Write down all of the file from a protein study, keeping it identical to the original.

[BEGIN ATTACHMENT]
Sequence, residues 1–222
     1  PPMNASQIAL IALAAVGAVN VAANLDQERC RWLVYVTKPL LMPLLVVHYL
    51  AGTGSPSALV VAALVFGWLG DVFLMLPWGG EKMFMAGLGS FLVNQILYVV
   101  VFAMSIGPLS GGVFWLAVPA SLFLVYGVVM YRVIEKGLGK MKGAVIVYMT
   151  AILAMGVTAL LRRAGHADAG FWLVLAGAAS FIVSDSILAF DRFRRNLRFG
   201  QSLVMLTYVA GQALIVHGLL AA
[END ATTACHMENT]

Sequence, residues 1–222
     1  PPMNASQIAL IALAAVGAVN VAANLDQERC RWLVYVTKPL LMPLLVVHYL
    51  AGTGSPSALV VAALVFGWLG DVFLMLPWGG EKMFMAGLGS FLVNQILYVV
   101  VFAMSIGPLS GGVFWLAVPA SLFLVYGVVM YRVIEKGLGK MKGAVIVYMT
   151  AILAMGVTAL LRRAGHADAG FWLVLAGAAS FIVSDSILAF DRFRRNLRFG
   201  QSLVMLTYVA GQALIVHGLL AA